New Missing Malaysia Airlines Flight 370 Theory: Was it Hijacked to Kazakhstan?

February 24, 2015 Updated: February 25, 2015

It’s been almost a year since Malaysia Airlines Flight MH370 disappeared seemingly off the face of the Earth, and the theories about its disappearance keep pouring in.

The claims come as science author Jeff Wise, who has written frequently on MH370 in the past year for publications like Slate and appeared on CNN dozens of times, published a new piece for New York Magazine: “How crazy am I to think I actually know where that Malaysia Airlines plane is?”

At the same time, he posted a new blog update about his theory that MH370, which went missing March 8 with 239 people on board, was hijacked to Kazakhstan. He has posited the popular theory of MH370 turning south before flying to the southern Indian Ocean could merely be a false flag as a way to fake an investigation.

“I’m intrigued by the possibility that MH370 might have been hijacked and flown north to the Yubileyniy Aerodrome within the Baikonur Cosmodrome,” he writes. “If so, it would have come to rest on the specially-milled concrete at approximately an hour and a half before sunrise on Sunday, March 8. And then what? If it stayed where it was, it would have been easy to spot by land-imaging satellites overhead. To avoid detection, it would have to have either refueled and taken off again, or found some kind of shelter.”

He published satellite images of the desert landscape of the Baikonur Cosmodrome. “As you can see, the area is desert, where vehicle tracks persist for many years,” he says in the blog.

However, he added, “Suddenly, things are happening. A number of trucks are lined up in the parking lot in the upper-right part of the image. The six-story building is being disassembled. And what looks like a large rectangle of dirt has been bulldozed to the left of the building. The image resolution is so good that you can make out what I take to be the stripes left by the bulldozer blade as it worked back and forth horizontally.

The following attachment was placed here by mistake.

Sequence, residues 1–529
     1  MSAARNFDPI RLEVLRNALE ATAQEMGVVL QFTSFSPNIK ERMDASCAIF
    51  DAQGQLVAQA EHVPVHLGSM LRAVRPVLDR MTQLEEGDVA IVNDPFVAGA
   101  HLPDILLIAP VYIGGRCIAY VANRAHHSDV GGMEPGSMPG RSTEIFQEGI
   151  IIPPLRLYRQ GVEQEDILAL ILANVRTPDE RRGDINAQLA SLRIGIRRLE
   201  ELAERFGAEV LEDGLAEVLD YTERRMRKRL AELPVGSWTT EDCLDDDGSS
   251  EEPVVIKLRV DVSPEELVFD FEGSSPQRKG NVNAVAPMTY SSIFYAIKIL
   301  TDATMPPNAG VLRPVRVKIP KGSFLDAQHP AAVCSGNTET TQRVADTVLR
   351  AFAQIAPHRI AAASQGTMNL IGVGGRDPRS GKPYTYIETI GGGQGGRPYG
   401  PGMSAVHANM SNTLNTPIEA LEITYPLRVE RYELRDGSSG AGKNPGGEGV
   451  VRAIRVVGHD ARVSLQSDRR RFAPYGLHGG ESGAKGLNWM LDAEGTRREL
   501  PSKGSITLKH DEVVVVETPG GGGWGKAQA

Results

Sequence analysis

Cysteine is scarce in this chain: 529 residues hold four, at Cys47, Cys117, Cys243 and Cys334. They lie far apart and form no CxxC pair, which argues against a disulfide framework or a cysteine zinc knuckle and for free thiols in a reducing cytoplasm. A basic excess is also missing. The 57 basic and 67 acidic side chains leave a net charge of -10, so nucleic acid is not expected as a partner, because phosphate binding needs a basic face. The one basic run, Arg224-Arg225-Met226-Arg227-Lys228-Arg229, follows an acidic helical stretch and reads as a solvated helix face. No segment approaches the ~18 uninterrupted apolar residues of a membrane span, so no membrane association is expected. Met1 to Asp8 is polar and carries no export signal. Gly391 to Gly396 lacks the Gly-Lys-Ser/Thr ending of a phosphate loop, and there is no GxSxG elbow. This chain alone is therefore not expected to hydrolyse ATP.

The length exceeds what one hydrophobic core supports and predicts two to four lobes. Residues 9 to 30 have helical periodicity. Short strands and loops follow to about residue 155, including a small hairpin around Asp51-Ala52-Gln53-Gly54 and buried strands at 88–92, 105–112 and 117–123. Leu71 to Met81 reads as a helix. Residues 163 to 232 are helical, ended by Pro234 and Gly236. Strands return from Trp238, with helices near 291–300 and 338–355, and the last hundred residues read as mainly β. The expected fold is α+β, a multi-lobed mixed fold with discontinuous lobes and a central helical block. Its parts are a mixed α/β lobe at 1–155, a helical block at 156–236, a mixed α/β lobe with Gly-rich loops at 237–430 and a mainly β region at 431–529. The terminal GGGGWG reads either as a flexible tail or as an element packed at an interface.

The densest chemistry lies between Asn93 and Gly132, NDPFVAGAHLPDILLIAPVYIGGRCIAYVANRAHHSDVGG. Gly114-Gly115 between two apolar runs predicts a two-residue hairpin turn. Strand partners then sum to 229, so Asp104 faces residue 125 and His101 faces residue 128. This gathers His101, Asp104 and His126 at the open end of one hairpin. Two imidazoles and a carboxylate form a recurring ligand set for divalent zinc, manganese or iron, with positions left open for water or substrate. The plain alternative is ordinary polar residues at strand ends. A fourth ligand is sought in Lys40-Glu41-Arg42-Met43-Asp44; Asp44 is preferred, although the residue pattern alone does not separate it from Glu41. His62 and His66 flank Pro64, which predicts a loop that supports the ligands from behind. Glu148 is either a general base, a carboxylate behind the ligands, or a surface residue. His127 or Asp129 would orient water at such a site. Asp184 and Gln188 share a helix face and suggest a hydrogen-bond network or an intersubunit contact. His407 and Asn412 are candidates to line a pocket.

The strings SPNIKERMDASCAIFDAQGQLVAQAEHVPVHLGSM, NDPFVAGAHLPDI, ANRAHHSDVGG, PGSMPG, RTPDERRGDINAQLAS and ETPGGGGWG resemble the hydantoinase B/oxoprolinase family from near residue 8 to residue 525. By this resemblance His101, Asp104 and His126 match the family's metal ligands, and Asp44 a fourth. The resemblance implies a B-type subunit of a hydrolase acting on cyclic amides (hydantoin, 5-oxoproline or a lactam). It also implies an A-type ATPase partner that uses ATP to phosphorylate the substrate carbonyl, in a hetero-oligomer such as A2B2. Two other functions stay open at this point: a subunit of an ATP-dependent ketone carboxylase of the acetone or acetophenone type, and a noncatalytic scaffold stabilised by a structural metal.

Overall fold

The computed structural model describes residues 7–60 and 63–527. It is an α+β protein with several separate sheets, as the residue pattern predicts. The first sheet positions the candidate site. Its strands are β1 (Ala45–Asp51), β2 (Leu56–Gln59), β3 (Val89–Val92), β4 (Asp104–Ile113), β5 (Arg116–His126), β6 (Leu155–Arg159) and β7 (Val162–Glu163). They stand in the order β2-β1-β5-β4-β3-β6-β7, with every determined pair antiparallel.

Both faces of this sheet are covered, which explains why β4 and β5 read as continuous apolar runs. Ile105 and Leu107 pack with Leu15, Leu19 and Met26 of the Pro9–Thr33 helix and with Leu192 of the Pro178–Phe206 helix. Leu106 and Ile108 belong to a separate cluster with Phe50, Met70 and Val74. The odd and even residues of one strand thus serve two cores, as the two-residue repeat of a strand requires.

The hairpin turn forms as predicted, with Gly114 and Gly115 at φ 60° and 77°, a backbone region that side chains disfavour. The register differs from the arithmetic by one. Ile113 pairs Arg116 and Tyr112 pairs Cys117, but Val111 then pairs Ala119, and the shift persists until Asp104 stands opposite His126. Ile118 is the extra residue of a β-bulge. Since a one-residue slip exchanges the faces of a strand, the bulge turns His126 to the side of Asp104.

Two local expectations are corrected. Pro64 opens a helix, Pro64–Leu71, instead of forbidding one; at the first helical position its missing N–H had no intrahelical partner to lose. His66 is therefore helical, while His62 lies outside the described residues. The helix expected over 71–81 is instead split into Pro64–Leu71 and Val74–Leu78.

(Google Maps)
A recent screenshot of the Baikonur Cosmodrome area. (Google Maps)

“At the northern end of the rectangle is a berm which casts a shadow to the north. At the far northeastern corner lies what appears to be a trench with a well-defined corner on the upper right, with treadmarks leading out of it toward the southeast. I’m not sure what this dirt rectangle represents — are they building a pile of dirt, or a hole? — but what really gets my attention is the size of the thing.”

He posted several images of the “structure” and noted “to the best of my knowledge, this airstrip is the only one in the world built specifically for self-landing airplanes. The 777, which was developed in the ’90s, has the ability to autoland. From a hijacking perspective, this feature allows people who don’t have commercial-piloting experience to abscond with an airplane and get it safely on the ground, so long as they know what autopilot settings to input.”

Wise then noted that between March 6 and March 16, there was a stark difference. “The two scenes, taken just before and after the disappearance, looked so different that I was certain that something significant had occurred in the interim. Perhaps what was a rectangular depression in the March 6 image has now been filled in with sand (along with maybe, oh, who knows, a plane?),” he writes. 

When he contacted construction experts and satellite imagery professionals, he said they didn’t offer much encouragement. “Most likely, they told me, the work being performed was site remediation: a building was torn down, and construction debris thrown in a trench and covered up. As successive trenches are dug and filled in, a rectangular shape is formed. Simple as that,” he said.

Meanwhile, a new documentary from National Geographic that attempts to find out what happened to the plane suggests the plane’s course was deliberately heading to Antarctica. The documentary will come out next month, coinciding with the March 8 disappearance date.

In the documentary, aviation disaster expert Malcolm Brenner says the three turns that Flight MH370 in the air “strongly suggest” that the co-pilot or pilot was trying to deliberately fly the plane to Antarctica.

“This accident has caught the attention of the world in a way I have not seen in a forty-year career in aviation,” he says, per

The search for the missing plane is centered around a section of the southern Indian Ocean hundreds of miles west of Perth, Australia.